The Zimbabwean government’s decision to extend the deadline for holding the second round of the presidential election to the end of July has drawn strong objections from the opposition, which said the second round should be held on May 23.
The opposition Movement for Democratic Change expressed distrust of the motives and intentions of the ruling party in extending the deadline, and of the Zimbabwe Electoral Commission under whose authority the extension was effected.
Most observers interpreted the revised 90-day deadline as running out on July 31 - though some officials said it might be interpreted as 90 working days. Nevertheless, some ruling party sources said Thursday that the run-off could be called for late June, saying an announcement by the electoral commission could come on Friday.
Secretary General Tendai Biti of the MDC formation of presidential candidate Morgan Tsvangirai in a news conference Thursday in Johannesburg, South Africa, expressed outrage at the extension of the deadline and urged intervention by the Southern African Development Community, as correspondent Benedict Nhlapho reported.
ZANU-PF information chief Patrick Chinamasa, also minister of justice, told journalists in Harare on Wednesday that his party had put its election strategies in place and was confident that President Robert Mugabe would be re-elected. Mr. Mugabe trailed Tsvangirai in the first round with 43.2% compared with 47.9% of votes.
The politburo of Mr. Mugabe's Zimbabwe African National Union-Patriotic Front on Wednesday approved the campaign theme of "100 Percent Empowerment: Total Independence."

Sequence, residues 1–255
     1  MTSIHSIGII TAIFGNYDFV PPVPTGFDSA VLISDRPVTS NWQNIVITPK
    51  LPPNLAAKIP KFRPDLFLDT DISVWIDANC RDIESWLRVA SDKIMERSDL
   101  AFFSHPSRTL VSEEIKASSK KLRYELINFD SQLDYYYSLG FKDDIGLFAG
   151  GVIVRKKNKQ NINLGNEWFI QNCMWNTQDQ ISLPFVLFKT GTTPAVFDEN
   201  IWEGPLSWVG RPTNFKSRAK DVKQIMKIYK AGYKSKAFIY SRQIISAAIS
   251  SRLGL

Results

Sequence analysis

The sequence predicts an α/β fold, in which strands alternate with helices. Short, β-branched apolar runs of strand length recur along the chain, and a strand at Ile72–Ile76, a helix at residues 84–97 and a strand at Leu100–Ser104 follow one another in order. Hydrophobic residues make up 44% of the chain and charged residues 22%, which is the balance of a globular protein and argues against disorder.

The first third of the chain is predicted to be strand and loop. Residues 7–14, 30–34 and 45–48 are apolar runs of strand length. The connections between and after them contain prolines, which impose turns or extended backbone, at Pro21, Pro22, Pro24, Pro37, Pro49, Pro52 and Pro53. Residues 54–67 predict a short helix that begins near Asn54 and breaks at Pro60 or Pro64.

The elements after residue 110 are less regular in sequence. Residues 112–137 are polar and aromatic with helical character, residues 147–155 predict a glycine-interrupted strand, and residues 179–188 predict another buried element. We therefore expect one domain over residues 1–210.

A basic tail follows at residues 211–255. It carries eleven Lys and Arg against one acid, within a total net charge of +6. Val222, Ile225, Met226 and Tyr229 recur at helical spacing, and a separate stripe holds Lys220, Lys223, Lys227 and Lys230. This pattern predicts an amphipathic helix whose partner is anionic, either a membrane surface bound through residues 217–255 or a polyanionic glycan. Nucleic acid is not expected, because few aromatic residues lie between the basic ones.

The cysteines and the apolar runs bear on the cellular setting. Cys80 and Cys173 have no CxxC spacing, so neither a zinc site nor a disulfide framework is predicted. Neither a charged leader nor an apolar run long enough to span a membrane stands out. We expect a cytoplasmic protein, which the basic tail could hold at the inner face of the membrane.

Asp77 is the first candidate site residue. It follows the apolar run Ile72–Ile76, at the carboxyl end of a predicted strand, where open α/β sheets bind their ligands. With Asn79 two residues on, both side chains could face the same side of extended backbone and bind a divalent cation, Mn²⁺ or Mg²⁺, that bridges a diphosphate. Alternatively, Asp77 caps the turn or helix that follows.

ZANU-PF chief whip and politiburo member Joram Gumbo told reporter Blessing Zulu of VOA's Studio 7 for Zimbabwe that the party is geared up for the run-off.
Meanwhile, Executive Secretary Tomaz Salamao of the Southern African Development Community told journalists in Maputo, Mozambique, that the burden of running credible elections is on the shoulders of the electoral commission.
The opposition has urged SADC to take an expanded role in the election to make sure that the ballot meets the regional organization's electoral norms.
But Salamao said SADC would follow the situation closely, and boost its observer corps from 120 in the March round to 200 when the presidential runoff is held.
Researcher Chris Maroleng of the Institute of Security Studies in South Africa said that for the election to be free and fair, SADC must take a prominent role.
While some sources said the electoral commission might announce a date this week, its chairman said the date will be set only when its logistics are in place.
Speaking with reporter Carole Gombakomba on Wednesday, before the news of the extension emerged, ZEC Chairman George Chiweshe said the panel will announce a date in due course, maintaining that it is permitted to do so under the law.
The Zimbabwe Election Support Network, meanwhile, outlined what it said were the “minimum conditions” for the runoff to be free and fair. It is calling among other items for a halt to violence against opposition supporters and election observers, equal access to state media and public resources, and greater transparency at ZEC.
ZESN Chairman Noel Kututwa said that despite the announcement of the extension, various regulatory and logistical aspects of the election remain to be clarified.